The deficiency of L cells, ISCs, and PCs due to GVHD can be overcome by GLP-2 treatment.
Lower L-cell numbers within the gastrointestinal tract are associated with a poorer outcome for patients suffering from GVHD.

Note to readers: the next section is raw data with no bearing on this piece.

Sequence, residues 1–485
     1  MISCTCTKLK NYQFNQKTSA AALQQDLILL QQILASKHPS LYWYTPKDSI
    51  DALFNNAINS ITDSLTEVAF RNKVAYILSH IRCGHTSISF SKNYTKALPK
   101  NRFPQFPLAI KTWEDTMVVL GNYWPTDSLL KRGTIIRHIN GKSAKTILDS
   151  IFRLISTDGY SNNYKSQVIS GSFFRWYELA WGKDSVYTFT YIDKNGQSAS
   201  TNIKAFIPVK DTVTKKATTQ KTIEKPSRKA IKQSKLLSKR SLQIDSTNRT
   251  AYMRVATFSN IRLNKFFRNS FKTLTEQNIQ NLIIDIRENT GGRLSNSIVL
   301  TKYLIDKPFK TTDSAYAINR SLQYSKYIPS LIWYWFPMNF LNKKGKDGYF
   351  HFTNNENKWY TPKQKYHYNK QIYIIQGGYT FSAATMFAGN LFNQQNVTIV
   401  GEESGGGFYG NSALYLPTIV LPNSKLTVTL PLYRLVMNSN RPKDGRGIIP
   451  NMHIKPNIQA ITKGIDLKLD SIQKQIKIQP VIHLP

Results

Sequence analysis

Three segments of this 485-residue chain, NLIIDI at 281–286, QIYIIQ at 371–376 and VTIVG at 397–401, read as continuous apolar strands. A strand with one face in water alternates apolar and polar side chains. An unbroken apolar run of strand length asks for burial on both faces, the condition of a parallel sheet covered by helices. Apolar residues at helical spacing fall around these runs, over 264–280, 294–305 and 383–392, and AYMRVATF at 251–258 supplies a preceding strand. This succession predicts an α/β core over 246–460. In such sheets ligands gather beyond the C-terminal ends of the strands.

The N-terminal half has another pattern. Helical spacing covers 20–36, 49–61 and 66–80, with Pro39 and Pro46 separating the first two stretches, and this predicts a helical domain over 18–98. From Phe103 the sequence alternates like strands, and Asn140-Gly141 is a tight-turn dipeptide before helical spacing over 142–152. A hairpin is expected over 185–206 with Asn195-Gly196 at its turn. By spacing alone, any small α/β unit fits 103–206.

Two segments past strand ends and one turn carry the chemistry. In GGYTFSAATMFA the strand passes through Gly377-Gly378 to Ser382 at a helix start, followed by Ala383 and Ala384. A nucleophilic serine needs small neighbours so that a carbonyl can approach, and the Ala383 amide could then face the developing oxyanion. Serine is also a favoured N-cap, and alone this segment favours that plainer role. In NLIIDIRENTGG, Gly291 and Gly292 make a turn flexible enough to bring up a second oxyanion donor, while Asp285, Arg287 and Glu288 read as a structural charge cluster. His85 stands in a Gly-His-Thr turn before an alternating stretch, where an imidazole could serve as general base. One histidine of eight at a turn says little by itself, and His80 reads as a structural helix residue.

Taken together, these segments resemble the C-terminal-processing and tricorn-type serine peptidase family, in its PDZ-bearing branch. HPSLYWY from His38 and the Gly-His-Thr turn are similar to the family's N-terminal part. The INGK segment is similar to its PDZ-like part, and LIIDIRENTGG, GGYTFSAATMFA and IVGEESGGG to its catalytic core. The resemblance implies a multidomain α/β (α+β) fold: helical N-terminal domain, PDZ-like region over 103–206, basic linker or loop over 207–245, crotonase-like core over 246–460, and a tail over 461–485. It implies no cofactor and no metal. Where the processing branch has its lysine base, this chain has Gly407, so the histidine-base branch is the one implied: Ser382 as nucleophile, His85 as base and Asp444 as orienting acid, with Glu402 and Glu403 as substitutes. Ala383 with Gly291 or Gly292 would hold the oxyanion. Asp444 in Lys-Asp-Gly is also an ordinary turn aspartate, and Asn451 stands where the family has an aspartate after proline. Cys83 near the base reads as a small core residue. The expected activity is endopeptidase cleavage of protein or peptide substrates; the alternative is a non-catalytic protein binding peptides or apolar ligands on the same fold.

Acute graft-versus-host disease (GVHD) is a life-threatening complication after allogeneic hematopoietic cell transplantation (allo-HCT). Although currently used GVHD treatment regimens target the donor immune system, we explored here an approach that aims at protecting and regenerating Paneth cells (PCs) and intestinal stem cells (ISCs). Glucagon-like-peptide-2 (GLP-2) is an enteroendocrine tissue hormone produced by intestinal L cells. We observed that acute GVHD reduced intestinal GLP-2 levels in mice and patients developing GVHD. Treatment with the GLP-2 agonist, teduglutide, reduced de novo acute GVHD and steroid-refractory GVHD, without compromising graft-versus-leukemia (GVL) effects in multiple mouse models. Mechanistically GLP-2 substitution promoted regeneration of PCs and ISCs, which enhanced production of antimicrobial peptides and caused microbiome changes. GLP-2 expanded intestinal organoids and reduced expression of apoptosis-related genes. Low numbers of L cells in intestinal biopsies and high serum levels of GLP-2 were associated with a higher incidence of nonrelapse mortality in patients undergoing allo-HCT. Our findings indicate that L cells are a target of GVHD and that GLP-2–based treatment of acute GVHD restores intestinal homeostasis via an increase of ISCs and PCs without impairing GVL effects. Teduglutide could become a novel combination partner for immunosuppressive GVHD therapy to be tested in clinical trials.